Your contention that there has been only one review of the facts is just factually incorrect. On an initial review of the facts, Mr. Schiavo was appointed legal guardian for his wife by a Florida court in 1990. In 1993, on a further consideration of the facts, the court denied a petition to remove Mr. Schiavo as guardian. In 1994, a guardian ad litem reported to the court--a state mandated review of the facts--and claimed that Mr. Schiavo had dutifully fulfilled his obligations. In 1998, a second guardian ad litem reported to the court--and while his report was less favorable, the court reviewed the report and left Mr. Schiavo in his position as guardian. That makes four times that four different judges ruled on this particular guardianship issue, twice with court appointed expert opinion to further inform the decision. More importantly, it satisfies every state and federal legal requirement for reviewing guardian status. How, exactly, is due process not satisfied?

Due process of law, as you conceive it, might provide for a jury trial even though the law as democratically determined by the people of Florida and the Congress of the United States says otherwise. Due process of law, as guaranteed by the Fourteenth Amendment, does not.

I fear I have not made myself clear in why your Nazi comparison is entirely inappropriate. Let me quote from the 1947 case:

"In German legal theory Hitler’s law was a shield to those who acted under it, but before a Tribunal authorized to enforce international law, Hitler's decrees were a protection neither to the Fuehrer himself nor to his subordinates, if in violation of the law of the community of nations."

These judges were not permitted to use the "tied hands" defense because the laws by which they were tied were illegitimate. The laws promulgated by Hitler as Supreme Legislator and Supreme Adjucator were, in effect, not laws at all.

Of course the law changes when judges make decisions--as you say, "We allow our judges to determine whether something is constitutional. We give them the power to carve out and define due process." But none of this occurs in a vacuum--I take exception to your term "judicial legislation." The legislative and executive are permitted to write and attempt to pass laws about whatever occurs to them. The judiciary may rule only the question presented, and only within the boundaries prescribed by the Constitution.

I argue that it is precisely because we prescribe and respect these limits that we can trust the judiciary to make decisions at all. The Nazi judiciary was an exercize in raw power; it had no such restraints.

For a federal judge to do what you are asking here--to simply ignore the law and mandate a jury trial because, in his opinion, there should be one--makes him guilty of the same disregard for the legitimacy of rule of law.

President Lincoln once observed that the Constitution, presumed to be the legitimate source of government authority, cannot provide for its own end. So you have to make a decision, Matt. Either you can follow the law, move to Florida, and petition the state legislature to provide for the jury trial you would like in this sort of case. Or you can toss the Constitution and its guarantees out the window--"cry bullshit," as you so elloquently put it--and try to come up with something better. You get rule of law or something you hope conforms to your opinion more of the time. Your choice.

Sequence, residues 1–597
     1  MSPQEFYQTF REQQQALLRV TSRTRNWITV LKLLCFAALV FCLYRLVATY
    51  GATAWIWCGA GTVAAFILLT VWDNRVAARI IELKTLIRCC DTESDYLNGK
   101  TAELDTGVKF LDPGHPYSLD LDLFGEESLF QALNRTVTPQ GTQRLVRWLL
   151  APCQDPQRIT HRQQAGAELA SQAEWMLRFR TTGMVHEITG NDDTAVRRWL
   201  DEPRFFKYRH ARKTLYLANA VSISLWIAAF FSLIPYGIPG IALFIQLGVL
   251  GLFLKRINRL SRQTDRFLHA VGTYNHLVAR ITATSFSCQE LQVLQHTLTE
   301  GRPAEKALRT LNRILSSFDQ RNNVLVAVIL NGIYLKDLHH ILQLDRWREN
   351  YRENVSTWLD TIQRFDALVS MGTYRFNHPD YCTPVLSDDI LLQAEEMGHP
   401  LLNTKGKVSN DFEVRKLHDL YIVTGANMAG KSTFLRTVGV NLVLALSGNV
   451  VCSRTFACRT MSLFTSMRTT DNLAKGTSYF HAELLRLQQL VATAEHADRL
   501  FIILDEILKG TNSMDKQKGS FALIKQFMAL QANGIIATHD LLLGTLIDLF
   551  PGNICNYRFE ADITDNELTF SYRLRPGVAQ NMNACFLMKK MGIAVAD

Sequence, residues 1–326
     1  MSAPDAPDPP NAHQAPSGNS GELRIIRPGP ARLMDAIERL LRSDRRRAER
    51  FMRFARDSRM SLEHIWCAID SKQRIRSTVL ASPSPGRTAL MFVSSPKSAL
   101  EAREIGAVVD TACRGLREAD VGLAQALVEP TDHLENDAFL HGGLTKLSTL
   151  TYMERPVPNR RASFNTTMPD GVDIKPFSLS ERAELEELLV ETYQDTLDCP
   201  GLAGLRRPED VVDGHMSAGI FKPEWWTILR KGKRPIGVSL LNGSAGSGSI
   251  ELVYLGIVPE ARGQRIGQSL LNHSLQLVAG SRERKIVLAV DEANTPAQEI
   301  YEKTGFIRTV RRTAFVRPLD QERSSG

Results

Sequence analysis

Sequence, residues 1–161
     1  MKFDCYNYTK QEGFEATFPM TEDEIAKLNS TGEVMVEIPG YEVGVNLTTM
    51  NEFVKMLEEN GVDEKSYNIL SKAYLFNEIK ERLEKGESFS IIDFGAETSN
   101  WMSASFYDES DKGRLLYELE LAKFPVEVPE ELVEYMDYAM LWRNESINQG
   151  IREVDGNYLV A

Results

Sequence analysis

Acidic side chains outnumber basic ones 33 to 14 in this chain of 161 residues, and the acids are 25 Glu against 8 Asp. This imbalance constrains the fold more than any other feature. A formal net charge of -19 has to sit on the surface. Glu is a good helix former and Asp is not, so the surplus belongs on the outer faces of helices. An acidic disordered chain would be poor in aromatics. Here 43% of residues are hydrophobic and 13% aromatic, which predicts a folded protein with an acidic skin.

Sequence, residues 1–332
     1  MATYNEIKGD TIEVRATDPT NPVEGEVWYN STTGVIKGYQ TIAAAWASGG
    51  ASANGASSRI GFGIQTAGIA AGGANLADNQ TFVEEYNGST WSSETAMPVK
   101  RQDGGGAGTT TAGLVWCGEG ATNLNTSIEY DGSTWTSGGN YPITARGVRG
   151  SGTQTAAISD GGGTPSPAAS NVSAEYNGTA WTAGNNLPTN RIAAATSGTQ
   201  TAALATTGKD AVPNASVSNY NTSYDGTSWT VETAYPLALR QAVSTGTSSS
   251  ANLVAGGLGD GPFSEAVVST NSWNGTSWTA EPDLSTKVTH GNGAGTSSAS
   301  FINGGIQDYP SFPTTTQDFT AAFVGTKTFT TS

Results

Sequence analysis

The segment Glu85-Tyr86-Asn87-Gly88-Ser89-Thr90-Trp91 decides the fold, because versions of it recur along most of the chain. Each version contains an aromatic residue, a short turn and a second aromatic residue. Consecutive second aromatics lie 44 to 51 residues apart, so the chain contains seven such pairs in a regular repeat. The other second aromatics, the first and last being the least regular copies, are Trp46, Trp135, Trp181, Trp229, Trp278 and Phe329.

In the meantime, under the current regime, more than twenty judges on both state and federal benches believe that every right has been satisfied and due process has been served.

-Aaron

Matthew B. Novak said...

While there have been multiple reviews of the facts (4) the latest happened, as you observed, in 1998, before several key facts came to light. And, in fact, I believe (though I could be wrong) that all 4 of those were presided over by the same judge - it would be a remarkable event for a judge to reverse his previous decision on an issue such as this, and would take an especially humble person to recognize that they had done a poor (and porous) job the first time.

Moreover, given that the second gaurdian ad litem report didn't reflect the same facts as those the court had ruled on, I am suspicious of the court's integrity in this situation. Especially considering that the facts were never reviewed in an appellate decision.

Secondly, I followed your Nazi argument just fine - in essence you are saying that in that instance "tied hands" wasn't a defense because their hands weren't legitimately tied. The corrollary for the US is that "tied hands" is in fact a legitimate excuse for the judiciary because those hands are legitimately tied.

My contention is two-fold. First, I question whether it should be a legitimate excuse. I don't think so, but reasonable persons could disagree. Secondly, and more important, I observe that our courts do have precisely the power to define due process. Their hands aren't tied. The redefined Due Process in Gideon. There isn't anything stoping them from doing so here. You write that Due Process, under the 14th Amendment, doesn't gaurantee a jury trial in a case such as this. But you're wrong - because it is an open question. Previous to Gideon the 14th Amendment didn't gaurantee legal representation. Now it does. You yourself observe that the law changes when the judiciary rules, but that it must rule within the context of the Constitution. A judicial determination that due process in gaurdianship cases requires a jury determination fits entirely within that 14th Amendment/Constitutional framework.